I heard about Eric Klinenberg’s book Heat Wave: A Social Autopsy of Disaster in Chicago last month when fellow Cannonballer Lollygagger gave it a favorable review. I’ve been reading up on various memoirs and nonfiction accounts of disasters and other dystopian elements in our world, and this book seemed to fit the bill. Also, as someone who has lived outside Chicago for the last four years, I was interested in the contemporary history aspect of the book. My sister is currently in paramedic school in the suburbs, so I was also interested to see the medical/social aspect of the heat wave crisis (which I honestly did not remember from 1995, although my family was living in Milwaukee at that time).
Klinenberg takes us into a detailed, nuanced glimpse of a heat wave that didn’t seem too important, but when it was over, 733 people were dead. How did this happen? Klinenberg explains the many, many factors at play, and in so doing, he unpacks the complexities of Chicago as a metropolitan area, particularly when it comes to the city’s African-American and Hispanic citizens. Something that really struck me was the way neighborhood makeup affected those who lived and died. Klinenberg also explained the political infrastructure’s inability to cope responsibly with the situation and use rhetoric to deny its participation in the deaths that occurred (and that is probably the most infuriating part of the disaster, if you ask me).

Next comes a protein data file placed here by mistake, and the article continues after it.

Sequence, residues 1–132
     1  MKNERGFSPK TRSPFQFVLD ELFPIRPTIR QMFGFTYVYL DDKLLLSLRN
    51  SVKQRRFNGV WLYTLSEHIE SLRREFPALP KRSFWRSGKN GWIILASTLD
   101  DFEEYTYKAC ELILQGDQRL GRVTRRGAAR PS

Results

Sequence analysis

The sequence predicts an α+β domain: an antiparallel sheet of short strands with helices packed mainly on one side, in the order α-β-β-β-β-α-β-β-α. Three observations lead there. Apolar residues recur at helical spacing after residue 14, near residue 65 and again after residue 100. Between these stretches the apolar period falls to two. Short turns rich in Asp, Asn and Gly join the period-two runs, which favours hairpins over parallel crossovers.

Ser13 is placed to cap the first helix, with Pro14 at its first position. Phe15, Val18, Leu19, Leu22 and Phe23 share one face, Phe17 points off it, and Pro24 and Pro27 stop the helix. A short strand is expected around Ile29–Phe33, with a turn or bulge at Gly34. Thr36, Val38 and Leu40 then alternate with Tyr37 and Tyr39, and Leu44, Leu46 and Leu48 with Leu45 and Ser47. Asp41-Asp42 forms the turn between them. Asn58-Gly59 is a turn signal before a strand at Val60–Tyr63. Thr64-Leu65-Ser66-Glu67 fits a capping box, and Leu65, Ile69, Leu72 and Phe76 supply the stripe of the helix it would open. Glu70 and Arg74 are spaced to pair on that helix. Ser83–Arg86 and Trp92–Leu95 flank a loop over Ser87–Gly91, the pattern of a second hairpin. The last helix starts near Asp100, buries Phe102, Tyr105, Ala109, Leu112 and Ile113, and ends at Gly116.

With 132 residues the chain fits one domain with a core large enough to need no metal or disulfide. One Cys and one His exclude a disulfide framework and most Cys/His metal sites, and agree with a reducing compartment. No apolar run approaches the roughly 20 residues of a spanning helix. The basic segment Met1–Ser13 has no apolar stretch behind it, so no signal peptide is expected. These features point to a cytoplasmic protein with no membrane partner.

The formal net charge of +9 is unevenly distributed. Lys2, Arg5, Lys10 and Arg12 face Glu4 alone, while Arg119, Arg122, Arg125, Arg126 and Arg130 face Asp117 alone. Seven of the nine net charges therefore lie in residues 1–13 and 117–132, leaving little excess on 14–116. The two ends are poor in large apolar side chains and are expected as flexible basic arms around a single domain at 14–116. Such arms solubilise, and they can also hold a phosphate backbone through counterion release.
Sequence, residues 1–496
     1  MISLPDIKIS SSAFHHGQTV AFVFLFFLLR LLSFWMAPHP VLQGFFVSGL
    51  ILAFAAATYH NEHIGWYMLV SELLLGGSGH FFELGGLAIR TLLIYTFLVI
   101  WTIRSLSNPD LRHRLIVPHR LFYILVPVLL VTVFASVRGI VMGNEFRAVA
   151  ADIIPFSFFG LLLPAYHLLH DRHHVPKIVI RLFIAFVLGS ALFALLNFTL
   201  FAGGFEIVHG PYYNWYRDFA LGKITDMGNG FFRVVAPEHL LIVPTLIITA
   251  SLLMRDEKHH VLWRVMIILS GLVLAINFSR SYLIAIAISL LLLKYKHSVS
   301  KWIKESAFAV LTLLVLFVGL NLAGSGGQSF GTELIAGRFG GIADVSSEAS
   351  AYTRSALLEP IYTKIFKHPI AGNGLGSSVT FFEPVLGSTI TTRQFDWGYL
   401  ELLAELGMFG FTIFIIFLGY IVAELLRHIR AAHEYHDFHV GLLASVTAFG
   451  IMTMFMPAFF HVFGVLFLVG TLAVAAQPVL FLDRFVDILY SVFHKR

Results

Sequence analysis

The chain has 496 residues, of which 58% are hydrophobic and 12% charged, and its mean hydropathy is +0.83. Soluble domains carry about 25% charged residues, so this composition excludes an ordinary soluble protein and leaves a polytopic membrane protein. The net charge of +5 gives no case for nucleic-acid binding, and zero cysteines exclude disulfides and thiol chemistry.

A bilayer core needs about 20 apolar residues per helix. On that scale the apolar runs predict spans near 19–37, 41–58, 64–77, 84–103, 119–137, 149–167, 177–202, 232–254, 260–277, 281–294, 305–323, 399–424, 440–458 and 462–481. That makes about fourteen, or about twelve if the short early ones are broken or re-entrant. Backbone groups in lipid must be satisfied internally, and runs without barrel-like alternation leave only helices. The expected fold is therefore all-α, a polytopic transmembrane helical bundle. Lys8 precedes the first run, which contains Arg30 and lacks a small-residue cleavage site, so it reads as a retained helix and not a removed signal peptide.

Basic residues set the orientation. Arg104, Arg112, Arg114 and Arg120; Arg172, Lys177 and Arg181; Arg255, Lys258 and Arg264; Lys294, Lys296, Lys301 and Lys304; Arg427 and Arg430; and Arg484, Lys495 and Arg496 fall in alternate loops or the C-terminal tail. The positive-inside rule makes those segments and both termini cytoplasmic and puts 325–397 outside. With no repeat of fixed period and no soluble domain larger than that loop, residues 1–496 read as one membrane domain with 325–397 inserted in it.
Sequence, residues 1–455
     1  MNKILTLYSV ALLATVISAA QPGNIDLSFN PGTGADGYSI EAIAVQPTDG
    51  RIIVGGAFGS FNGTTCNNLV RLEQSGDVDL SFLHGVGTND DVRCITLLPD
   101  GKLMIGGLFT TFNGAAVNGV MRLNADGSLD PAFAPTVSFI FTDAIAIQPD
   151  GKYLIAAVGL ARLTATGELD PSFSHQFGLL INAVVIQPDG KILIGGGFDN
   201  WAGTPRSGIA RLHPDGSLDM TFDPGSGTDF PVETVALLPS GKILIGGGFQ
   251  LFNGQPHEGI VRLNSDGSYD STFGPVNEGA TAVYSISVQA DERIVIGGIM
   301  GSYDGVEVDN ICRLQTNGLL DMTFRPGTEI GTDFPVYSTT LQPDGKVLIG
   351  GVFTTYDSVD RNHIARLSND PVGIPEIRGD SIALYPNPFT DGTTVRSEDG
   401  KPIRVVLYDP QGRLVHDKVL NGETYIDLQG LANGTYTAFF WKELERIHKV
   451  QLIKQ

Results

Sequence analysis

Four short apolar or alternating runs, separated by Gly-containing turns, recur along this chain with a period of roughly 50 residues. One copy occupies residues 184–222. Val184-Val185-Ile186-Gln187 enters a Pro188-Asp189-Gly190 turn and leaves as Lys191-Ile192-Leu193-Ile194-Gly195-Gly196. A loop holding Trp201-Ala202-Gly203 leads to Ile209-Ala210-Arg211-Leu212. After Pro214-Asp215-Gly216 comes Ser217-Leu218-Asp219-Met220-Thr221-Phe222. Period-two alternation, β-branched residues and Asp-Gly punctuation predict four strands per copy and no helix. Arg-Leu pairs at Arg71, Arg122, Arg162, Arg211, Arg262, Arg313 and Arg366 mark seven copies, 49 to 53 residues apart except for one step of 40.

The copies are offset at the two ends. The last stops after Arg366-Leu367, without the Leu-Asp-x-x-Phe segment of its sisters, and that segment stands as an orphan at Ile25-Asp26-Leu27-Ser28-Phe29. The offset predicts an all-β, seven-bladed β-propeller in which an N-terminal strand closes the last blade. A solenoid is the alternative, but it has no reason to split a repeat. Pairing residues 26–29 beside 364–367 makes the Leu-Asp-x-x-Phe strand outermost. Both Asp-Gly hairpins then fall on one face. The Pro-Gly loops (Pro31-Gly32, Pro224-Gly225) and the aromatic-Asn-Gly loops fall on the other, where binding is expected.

I was really informed and felt immersed in the world that Klinenberg unfolded for me. While I am not a big reader of social issues, I really liked his writing style and his careful explanation of the many factors at play. I certainly hope that things have changed in Chicago (but unfortunately, for African-Americans, I fear that they have not, in so many ways).